March 3, 2013 5:24 pm

Wall Street grapples in defence of wrestling

Jordan Ernest Burroughs of the United States (blue) competes with Sadegh Saeed Goudarzi of Islamic Republic of Iran in the Men's Freestyle 74 kg Wrestling on Day 14 of the London 2012 Olympic Games at ExCeL on August 10, 2012 in London, England©Getty

US v Iran at the 2012 Olympics

It is a cause that unites some of Wall Street’s top financiers with the presidents of Russia and Iran – the struggle to reinstate wrestling as an Olympic sport.

The International Olympic Committee unleashed hell and fury from wrestling’s numerous global outposts last month when it announced that one of the few sports that links the modern games with those of ancient Greece was likely to be dropped after the 2016 games in Brazil.

Vladimir Putin, Russian president, has said he would fight on every level to secure wrestling’s Olympic future, a stance backed by Mahmoud Ahmadi-Nejad, his Iranian counterpart.

In a rare gesture of goodwill, the US freestyle wrestling team shook hands with Mr Ahmadi-Nejad after a recent tournament and on the margins of the US-Iran nuclear talks, officials expressed their mutual contempt for the IOC.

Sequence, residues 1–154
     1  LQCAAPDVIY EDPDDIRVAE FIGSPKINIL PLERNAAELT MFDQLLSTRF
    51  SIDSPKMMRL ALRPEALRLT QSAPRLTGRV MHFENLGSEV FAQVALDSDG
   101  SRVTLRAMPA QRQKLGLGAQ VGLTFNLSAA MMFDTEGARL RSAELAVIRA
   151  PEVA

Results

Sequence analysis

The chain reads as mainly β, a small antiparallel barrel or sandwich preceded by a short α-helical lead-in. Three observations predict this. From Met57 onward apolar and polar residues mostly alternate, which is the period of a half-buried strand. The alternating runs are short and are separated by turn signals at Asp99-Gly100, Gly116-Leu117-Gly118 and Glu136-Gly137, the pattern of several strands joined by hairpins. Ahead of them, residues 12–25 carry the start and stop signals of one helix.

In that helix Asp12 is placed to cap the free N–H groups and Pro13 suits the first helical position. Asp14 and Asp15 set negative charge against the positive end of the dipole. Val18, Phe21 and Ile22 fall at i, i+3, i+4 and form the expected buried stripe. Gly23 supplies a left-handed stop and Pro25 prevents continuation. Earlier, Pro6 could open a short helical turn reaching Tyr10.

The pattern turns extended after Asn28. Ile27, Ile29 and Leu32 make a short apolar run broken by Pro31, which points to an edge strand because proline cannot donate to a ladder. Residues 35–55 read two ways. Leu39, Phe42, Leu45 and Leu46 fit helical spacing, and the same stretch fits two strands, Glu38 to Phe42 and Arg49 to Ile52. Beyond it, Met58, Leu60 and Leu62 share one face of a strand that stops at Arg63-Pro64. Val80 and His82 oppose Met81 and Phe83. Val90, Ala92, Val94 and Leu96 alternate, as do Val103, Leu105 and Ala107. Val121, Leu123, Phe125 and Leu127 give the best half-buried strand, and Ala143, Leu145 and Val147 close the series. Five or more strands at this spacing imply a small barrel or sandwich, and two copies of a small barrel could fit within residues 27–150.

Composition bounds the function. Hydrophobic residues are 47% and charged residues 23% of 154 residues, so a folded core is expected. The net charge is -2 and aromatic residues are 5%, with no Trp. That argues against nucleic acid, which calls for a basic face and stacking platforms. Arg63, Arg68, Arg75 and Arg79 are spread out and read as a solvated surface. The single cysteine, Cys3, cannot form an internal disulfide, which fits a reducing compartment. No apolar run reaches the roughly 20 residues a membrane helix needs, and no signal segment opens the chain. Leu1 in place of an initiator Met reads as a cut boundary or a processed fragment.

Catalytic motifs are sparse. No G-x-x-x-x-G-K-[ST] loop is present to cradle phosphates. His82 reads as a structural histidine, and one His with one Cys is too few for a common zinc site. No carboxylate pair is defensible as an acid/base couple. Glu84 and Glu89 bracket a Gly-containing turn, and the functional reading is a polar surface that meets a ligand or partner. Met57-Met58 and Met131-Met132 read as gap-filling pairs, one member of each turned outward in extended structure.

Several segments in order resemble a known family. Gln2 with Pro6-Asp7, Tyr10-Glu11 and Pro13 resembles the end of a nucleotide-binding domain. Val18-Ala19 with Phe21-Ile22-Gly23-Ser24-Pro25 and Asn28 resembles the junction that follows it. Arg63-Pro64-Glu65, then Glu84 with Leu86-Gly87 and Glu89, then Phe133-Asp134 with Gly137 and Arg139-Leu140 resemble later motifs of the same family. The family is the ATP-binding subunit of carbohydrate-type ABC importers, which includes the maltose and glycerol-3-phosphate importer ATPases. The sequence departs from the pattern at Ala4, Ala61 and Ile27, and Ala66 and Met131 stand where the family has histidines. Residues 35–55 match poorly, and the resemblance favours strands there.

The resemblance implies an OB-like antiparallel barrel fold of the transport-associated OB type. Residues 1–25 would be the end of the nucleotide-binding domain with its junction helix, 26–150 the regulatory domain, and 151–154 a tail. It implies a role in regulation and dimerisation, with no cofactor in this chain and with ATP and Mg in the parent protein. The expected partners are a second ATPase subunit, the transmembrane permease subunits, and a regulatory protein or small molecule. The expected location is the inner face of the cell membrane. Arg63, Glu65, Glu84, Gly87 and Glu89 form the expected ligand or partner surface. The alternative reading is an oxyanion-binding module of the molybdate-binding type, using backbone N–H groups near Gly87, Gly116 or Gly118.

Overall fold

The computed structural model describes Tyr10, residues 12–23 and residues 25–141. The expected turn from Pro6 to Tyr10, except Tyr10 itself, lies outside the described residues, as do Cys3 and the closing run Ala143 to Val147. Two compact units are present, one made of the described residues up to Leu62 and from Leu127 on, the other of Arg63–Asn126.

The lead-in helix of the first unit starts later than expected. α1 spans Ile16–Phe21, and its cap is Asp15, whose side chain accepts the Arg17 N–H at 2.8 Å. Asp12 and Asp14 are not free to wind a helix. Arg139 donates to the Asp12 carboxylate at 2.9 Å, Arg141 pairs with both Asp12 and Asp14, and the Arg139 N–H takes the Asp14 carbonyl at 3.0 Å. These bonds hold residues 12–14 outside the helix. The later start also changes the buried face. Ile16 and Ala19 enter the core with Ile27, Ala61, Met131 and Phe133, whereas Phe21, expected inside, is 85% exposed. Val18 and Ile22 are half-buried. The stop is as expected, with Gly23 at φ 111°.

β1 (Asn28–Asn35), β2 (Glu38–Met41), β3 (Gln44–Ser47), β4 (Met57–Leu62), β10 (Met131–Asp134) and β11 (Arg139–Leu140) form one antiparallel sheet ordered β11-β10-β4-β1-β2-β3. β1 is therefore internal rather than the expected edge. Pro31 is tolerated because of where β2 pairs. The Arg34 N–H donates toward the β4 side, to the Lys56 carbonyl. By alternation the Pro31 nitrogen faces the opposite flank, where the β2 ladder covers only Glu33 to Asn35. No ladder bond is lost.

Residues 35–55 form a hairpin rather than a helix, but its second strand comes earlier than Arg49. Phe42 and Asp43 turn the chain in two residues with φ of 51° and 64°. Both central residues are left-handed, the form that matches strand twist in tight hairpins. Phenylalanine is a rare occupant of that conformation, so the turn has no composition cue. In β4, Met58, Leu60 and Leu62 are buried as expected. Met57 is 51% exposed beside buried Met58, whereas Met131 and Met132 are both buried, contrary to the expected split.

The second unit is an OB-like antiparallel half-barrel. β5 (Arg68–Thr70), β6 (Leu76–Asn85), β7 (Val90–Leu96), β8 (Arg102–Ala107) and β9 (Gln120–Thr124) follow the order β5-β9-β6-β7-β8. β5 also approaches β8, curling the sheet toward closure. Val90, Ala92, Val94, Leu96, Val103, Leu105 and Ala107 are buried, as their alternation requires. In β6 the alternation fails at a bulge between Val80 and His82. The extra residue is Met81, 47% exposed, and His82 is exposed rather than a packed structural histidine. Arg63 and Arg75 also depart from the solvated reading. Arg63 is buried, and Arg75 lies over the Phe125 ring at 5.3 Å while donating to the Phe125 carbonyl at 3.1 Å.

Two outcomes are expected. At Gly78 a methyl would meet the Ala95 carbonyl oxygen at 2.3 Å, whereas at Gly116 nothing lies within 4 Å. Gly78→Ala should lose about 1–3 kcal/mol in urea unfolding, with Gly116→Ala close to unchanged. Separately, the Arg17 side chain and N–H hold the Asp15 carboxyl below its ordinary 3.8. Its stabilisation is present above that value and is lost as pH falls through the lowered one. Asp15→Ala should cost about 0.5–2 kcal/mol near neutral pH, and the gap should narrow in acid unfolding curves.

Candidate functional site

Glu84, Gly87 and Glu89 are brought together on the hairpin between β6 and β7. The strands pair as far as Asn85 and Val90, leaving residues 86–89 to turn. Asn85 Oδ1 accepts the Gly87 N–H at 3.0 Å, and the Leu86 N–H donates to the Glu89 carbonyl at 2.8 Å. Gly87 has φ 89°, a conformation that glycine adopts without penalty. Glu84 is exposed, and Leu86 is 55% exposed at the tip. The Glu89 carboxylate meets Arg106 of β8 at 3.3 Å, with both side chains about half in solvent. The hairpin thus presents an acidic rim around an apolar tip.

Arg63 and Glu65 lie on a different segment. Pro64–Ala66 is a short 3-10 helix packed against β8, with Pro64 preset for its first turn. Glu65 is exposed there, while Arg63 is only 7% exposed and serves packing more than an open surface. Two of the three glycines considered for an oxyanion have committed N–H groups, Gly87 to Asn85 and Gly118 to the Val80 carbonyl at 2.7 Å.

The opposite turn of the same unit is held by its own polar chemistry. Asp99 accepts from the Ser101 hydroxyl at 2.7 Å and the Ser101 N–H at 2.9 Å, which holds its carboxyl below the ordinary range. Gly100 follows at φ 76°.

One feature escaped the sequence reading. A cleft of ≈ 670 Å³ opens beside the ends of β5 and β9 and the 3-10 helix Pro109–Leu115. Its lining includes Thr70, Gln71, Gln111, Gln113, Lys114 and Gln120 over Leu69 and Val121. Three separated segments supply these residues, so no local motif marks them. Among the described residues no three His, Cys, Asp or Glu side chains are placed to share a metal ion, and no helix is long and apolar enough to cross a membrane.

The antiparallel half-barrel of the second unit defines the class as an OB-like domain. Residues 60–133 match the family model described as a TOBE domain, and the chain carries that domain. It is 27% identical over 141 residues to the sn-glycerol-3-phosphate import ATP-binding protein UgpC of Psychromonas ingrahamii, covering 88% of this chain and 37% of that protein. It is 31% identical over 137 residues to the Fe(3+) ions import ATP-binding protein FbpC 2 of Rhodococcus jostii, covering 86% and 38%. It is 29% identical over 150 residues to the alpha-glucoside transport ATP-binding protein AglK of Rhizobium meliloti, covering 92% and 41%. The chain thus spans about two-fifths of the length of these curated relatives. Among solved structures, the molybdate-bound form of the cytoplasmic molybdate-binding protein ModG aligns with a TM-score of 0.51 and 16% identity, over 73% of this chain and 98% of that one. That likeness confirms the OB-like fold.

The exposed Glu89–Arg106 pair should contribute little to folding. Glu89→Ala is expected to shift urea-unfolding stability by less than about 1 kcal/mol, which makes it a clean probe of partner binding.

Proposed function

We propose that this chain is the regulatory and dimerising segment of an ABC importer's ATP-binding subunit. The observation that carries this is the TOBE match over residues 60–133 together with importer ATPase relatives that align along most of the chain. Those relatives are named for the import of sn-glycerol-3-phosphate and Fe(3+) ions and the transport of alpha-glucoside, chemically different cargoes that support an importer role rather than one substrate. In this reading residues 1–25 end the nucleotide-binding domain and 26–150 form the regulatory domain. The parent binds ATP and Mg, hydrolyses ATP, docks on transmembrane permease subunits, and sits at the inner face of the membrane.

And in the executive suites of Wall Street, the workplace of a sizeable number of former wrestlers, the collection tins are being rattled to fund a lobbying campaign aimed at reversing the decision.

Mike Novogratz, president of Fortress Investment Group, who wrestled at Princeton university, is spearheading the campaign to raise up to $3m. Other financially prominent supporters include Josh Harris of Apollo Global Management, Todd Boehly of financial services group Guggenheim, Barry Bausano of Deutsche Bank and Richard Tavoso of RBC Capital Markets.

All wrestled in their youth, a grounding Mr Hovogratz said is ideal preparation for Wall Street’s rough and tumble.

“There’s a training a wrestler goes through, out of which comes discipline, leadership and toughness,” he added. “It teaches you to lead with the front and not be scared.”

He reeled off a list of other prominent Americans to pit their wits on the wrestling mat, including 13 presidents, former defence secretary Donald Rumsfeld, Super Bowl MVP winner Ray Lewis, and two of the passengers who fought the 9/11 hijackers of United Airlines flight 93.

Mr Novogratz is team leader of the US Olympic squad, helping to raise money for tournaments and he chairs Beat the Streets, a project to get young people into wrestling in US urban areas.

Wrestling got dumped by the IOC during a review of the London Olympics. Fila, the world wrestling federation, “just didn’t take the process seriously enough”, said Mr Novogratz. “They were arrogant.”

He is banking on a reprieve when the IOC meets in September to ratify the sports for the 2020 games, to be held in Istanbul, Tokyo or Madrid. But seven other sports are lobbying for inclusion, notably squash and karate. They are fighting for one place.

At least the uproar has soothed US-Iranian relations at a sporting level. The Iranian team has accepted an invitation to an exhibition match in Times Square in May.

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